Scraps from Melbourne’s Modern Culture Clash // An Interview with NO STATUES

WL//WH Interview   NO STATUES

Photographer: Phoebe Thompson

Naarm/Melbourne-based 3-piece band NO STATUES have just dropped their highly anticipated second EP, “CAUGHT IN THE WEB” via fellow DIY label Honeyglider Records, the follow-up to the band’s 2020 debut Cassette, featuring two instrumentals and two vocal tracks, teetering between moody Post-punk edginess and introspective synth-laden New Wave, fuelled with tortured emotive baritone and lyrical malaise.
Let’s pleasantly get “Caught In the Web” with PakistaniAustralian frontman Ali Mustafa (vocals, synth, guitar) along with Alice (synth, vocals) and Matt (bass).

  • Thanks so much for the interview. Please, let’s talk about the genesis of? How did you meet? What attracted you? How did you come up with your name?

Alice and Matt already knew each other and played in a band called Boyparts. Then we all met a few years later and connected over music and shared interests. Ali had an idea for a project and so we started the band. NO STATUES came from the Solid Space song ‘New Statue’. We also think it’s a change we’d like to see in the world. There are far too many statues of dead colonial men in Australia.

  • What were the artistic and musical influences and inspirations that informed the band? Others have been added over time?

Our initial sound was influenced by bands like early Blitz, Orion (Sydney) and other Post-punk bands like Sex Tourists, Total Control and 80s classics – New Order and Depeche Mode. Over time it has moved away from the 80s and embraced darker cold wave sounds, taking inspiration from bands like the Chameleons, The Teardrop Explodes and Echo & the Bunnymen.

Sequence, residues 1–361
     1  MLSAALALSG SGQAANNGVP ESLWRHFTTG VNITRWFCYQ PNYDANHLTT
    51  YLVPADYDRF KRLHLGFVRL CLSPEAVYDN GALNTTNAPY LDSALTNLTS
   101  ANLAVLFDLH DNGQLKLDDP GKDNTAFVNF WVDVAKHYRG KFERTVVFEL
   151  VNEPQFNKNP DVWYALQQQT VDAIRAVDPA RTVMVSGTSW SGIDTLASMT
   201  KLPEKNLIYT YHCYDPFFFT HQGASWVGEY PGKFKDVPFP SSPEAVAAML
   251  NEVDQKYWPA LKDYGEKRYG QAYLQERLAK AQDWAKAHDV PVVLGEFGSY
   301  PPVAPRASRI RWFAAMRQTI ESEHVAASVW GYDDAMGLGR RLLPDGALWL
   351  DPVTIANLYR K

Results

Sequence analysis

• Please, give us your take on the ever fervent Melbourne’s underground musical community/music scene are you part of. Which peculiarity and impact had and still has on your artistic creativity? Could you recommend any new bands as well?

ALI: People in Melbourne are always putting out music and putting on shows. Whether bands stick around for a while or only put out 1 or 2 things or just play a show it is always interesting to see people collaborating and trying new things. Early on we met our good friend Rory (Serf) and we were really influenced by his sound and the way he put his live show together. I used to work with Tom from T.B. Ridge the Director and Constant Mongrel and he showed me a lot of good punk music that steered me away from my toxic obsession with shoegaze. Melbourne always has new good bands, I really liked the new Rebel Yell single, and we really want to play a show with Full Fleshed soon.

  • The lyrics are very descriptive and cathartic in ‘Keep It Quiet’ and give the listener the ability to, perhaps, understand a little bit of how it feels to be a Pakistani-Australian post 911. “Time Has Passed” elicits instead a bittersweet dreamy nostalgia of the 80s

ALI: The lyrics are a first-hand account of situations I have found myself in like airport security, random police stops and general racial profiling. The chorus is about having to hide your identity for the sake of saving face in White Australia. “Time Has Passed”— although it sounds pretty different—is lyrically connected. It’s a more personal account of how two cultures can clash in a household, except more pensive and less abrasive.

  • What is your approach to songwriting and recording? How cerebral and how instinctive is your creative process?

ALI: We usually bring an idea to practice like a catchy hook, bassline or synth part. We will kind of figure it out then make a few separate parts and figure out a structure then decide what it’s going to be about. The process of writing a song isn’t quick and I like to think it out and workshop it.

  • The new release comes after a long hiatus following the 2020 debut, which had attracted the attention of many music aficionados. Could you give us a deep insight into the ups and downs, also passed through the pandemic period, which have somehow shaped it in every aspect?

ALI: Melbourne was in lockdown for a long time during COVID which stopped us from playing live shows. Luckily we lived together so we were able to write and play music. I think the malaise of the pandemic meant that it wasn’t very productive but we thought about the projects we might pursue after restrictions eased.

  • I’m intrigued by the cover artwork, could you explain it?